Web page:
Defendants moved for summary judgment, claiming Plaintiff failed to exhaust his administrative remedies prior to filing suit as to his claims against Lashbrook and McCarthy in Count 1 and Counts 3 and 4 (Doc. 29). After Plaintiff's response was filed (Doc. 32), Judge Daly held an evidentiary hearing on June 17, 2019 pursuant to Pavey v. Conley, 544 F.3d 739 (7th Cir. 2008).

         Judge Daly issued the Report currently before the Court, setting forth the evidence presented by the parties, the applicable law, the requirements of the administrative process, and her conclusions. She found that there was no grievance that exhausted the claims in Counts 1 against Lashbrook and McCarthy and Count 3, and that Plaintiff did not fully exhaust his claim in Count 4 because he failed to timely submit a June 13, 2017 grievance to the Administrative Review Board (“ARB”). As a result, she recommends that Plaintiff's claims that Lashbrook and McCarthy failed to intervene (Count 1) and that they ignored a threat to his safety (Count 3) be dismissed without prejudice. She further recommends that Plaintiff's claim that Spiller exposed him to a substantial risk of harm (Count 3) and subjected him to unconstitutional conditions of confinement (Count 4) also be dismissed without prejudice.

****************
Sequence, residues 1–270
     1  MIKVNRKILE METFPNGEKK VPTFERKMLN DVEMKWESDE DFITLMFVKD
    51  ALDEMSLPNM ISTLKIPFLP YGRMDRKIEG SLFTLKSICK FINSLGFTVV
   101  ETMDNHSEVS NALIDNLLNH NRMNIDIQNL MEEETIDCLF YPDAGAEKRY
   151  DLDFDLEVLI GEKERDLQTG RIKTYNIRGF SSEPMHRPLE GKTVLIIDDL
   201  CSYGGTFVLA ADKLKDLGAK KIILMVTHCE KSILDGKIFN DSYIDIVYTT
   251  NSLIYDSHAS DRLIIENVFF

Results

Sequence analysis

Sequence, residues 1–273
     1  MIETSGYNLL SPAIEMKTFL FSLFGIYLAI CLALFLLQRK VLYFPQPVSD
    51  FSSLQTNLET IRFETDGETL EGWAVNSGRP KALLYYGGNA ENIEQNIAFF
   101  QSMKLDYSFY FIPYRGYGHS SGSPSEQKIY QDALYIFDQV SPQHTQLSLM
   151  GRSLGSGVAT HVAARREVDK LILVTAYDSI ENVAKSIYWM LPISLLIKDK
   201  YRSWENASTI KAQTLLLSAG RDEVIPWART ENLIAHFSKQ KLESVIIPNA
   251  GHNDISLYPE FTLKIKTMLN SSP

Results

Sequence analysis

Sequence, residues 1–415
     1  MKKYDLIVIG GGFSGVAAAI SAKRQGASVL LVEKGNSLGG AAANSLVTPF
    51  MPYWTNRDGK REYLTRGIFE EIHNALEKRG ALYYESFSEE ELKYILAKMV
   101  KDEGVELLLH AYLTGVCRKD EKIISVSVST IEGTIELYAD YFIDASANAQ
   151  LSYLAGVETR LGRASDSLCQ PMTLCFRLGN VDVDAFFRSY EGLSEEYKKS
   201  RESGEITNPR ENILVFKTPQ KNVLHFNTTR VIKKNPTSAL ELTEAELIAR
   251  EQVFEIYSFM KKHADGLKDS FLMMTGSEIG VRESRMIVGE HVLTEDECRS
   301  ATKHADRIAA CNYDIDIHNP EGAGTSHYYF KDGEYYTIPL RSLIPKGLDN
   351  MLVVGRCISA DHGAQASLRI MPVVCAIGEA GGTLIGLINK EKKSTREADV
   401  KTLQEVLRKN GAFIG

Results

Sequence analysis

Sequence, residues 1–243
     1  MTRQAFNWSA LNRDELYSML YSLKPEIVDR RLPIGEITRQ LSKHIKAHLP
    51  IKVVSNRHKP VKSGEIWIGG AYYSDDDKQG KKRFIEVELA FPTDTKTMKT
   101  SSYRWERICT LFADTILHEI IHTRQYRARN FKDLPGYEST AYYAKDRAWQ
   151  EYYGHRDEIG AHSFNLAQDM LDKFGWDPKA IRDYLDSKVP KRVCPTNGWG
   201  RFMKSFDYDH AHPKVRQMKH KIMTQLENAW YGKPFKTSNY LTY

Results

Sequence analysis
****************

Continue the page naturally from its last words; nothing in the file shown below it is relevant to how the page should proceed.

Discussion

         Because timely objections were filed, the undersigned must undertake a de novo review of the Report. 28 U.S.C. § 636(b)(1)(B), (C); Fed.R.Civ.P. 72(b); SDIL-LR 73.1(b); see also Govas v. Chalmers, 965 F.2d 298, 301 (7th Cir. 1992). De novo review requires the Court to “give fresh consideration to those issues to which specific objections have been made” and to make a decision “based on an independent review of the evidence and arguments without giving any presumptive weight to the magistrate judge's conclusion.” Mendez v. Republic Bank, 725 F.3d 651, 661 (7th Cir. 2013). The Court “may accept, reject or modify the magistrate judge's recommended decision.” Id.

         For his objection, Plaintiff argues his testimony that he submitted a grievance in September 2017 regarding Counts 1 and 3 should have been credited. He further argues that he timely appealed the June 13, 2017 grievance by placing it in institutional mail prior to the deadline. Finally, Plaintiff generally argues that additional discovery is required to resolve exhaustion issues.

         The written record does not contain any grievance related to Plaintiff's claims against Lashbrook and McCarthy. However, at the Pavey hearing, Plaintiff testified that because he was in administrative segregation, he could not copy the grievance, nor did he have any control over the grievance when it was picked up from his cell by members of the Intelligence Unit - either Defendant McCarthy or Correctional Officer Gate (who is not a party to this litigation). Judge Daly found that Plaintiff was not credible in his claim that he submitted a grievance in mid-September 2017 because there is no record of it and no mention of it in Plaintiff's Cumulative Counseling Summary even though Plaintiff ...